Film Reviews
Image courtesy of Sony Pictures

Films often elect spectacle or substance. To its credit, “The Woman King” offers both in a rousing tale of women warriors while mounting a devastating historical and cultural critique. Director Gina Prince-Bythewood doesn’t flinch from tackling the African slave trade, sexual victimization, colonial oppression, and the long-term impact of trauma, all packaged in spellbinding action inspired by true events

The setup is straightforward. In the 1800s, the all-female Agojie warriors will protect, to their death, the West African kingdom of Dahomey. Their physical prowess and fierce defense of Dahomey inspires terror in foreign and domestic adversaries. In addition to recruiting and training the girls who will continue Dahomey’s defense, General Nanisca leads with intelligence, ability, and awareness of how to prepare herself and others. Her perceptive understanding of ways to motivate her followers confirms her leadership position.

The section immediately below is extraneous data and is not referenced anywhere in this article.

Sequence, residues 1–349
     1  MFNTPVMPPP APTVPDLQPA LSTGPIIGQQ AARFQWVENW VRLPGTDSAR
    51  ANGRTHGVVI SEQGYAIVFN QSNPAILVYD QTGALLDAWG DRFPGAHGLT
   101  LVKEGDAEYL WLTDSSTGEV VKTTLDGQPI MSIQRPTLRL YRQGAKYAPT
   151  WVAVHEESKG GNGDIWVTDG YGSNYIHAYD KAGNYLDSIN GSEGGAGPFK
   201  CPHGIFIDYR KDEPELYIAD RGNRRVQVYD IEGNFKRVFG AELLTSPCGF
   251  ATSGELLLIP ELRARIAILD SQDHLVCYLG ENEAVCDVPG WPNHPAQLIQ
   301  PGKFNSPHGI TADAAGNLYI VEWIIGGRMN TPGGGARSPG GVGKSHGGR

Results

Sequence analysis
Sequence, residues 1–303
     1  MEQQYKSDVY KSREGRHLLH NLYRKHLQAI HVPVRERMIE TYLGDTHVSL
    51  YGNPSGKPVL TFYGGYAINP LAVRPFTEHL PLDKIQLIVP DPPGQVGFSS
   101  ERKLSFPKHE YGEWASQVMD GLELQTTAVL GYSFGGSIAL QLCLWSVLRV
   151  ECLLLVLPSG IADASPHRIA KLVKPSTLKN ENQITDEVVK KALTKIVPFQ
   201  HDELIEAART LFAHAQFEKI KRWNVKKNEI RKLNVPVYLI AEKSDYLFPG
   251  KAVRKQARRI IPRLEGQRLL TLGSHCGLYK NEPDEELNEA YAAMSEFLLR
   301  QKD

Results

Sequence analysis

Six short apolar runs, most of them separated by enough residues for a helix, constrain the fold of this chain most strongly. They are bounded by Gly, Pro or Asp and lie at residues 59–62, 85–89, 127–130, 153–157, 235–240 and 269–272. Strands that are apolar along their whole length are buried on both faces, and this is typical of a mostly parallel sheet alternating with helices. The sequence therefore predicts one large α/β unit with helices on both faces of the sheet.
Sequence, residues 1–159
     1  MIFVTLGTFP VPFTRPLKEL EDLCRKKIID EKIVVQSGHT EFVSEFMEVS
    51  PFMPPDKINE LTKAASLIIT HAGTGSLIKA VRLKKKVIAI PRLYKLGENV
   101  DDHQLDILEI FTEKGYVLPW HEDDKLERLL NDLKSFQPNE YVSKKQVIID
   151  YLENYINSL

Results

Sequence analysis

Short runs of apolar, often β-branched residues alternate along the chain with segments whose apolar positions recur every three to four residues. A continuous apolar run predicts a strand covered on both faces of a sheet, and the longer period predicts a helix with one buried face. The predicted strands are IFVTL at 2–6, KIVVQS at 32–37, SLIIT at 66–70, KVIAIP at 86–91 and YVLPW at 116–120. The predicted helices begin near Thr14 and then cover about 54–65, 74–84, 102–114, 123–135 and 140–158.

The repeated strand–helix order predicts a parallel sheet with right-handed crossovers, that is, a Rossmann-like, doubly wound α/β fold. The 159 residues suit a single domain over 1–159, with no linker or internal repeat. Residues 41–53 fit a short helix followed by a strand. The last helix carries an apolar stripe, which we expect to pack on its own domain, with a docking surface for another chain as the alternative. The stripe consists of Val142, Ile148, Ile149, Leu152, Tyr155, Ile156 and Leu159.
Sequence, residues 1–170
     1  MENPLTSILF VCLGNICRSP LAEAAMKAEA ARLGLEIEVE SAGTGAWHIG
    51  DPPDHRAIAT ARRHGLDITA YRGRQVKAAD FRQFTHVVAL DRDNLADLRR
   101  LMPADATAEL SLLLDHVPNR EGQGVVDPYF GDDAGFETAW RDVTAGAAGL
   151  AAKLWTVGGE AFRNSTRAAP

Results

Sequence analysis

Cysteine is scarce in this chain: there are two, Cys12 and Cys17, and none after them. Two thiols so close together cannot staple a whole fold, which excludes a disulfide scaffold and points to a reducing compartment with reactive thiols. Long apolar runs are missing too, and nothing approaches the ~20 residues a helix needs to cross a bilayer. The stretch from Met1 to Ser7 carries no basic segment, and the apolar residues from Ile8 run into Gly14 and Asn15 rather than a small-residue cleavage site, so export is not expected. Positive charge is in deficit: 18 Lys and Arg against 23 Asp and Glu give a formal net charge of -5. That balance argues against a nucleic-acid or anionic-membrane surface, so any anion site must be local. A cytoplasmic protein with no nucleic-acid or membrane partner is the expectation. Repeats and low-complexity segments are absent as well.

The most stunning recruit, Nawi, poses her own challenges and problems. She and Nanisca will require several confrontations before they can move forward comfortably. As General Nanisca, Viola Davis presents extraordinary strength and steely composure. As Nawi, Thuso Mbedu holds her own against the formidable Viola Davis. As King Ghezo, John Boyega has charisma, and Lashana Lynch as Izogie adds a vivid, three-dimensional character, often rare in action films that rely on simplistic ones. Only the slavers lack any complexity, determined only to prosper, exhibiting an indifference to human suffering. In fact, such slave trade existed from about 1600 through 1904 in what is now Benin.   

Throughout “The Woman King” the fight choreography is breathtaking, its narrative impact enhanced because the actors performed, per stunt coordinator Daniel Hernandez, 90% of it themselves in real time, training for four months to accomplish this. No CGI makes a difference for engaging viewers, and I certainly felt it. Complementing the mind-boggling, thrilling action, credit goes to Dana Stevens’ screenplay. Moreover, Gersha Phillips’ costume design, Terence Blanchard’s music, Akin McKenzie’s production design, and Polly Morgan’s cinematography combine in an impressive package without a weak link. Already the recipient of several prestigious awards, “The Woman King” is streaming now on several platforms. Check listings.

Related Articles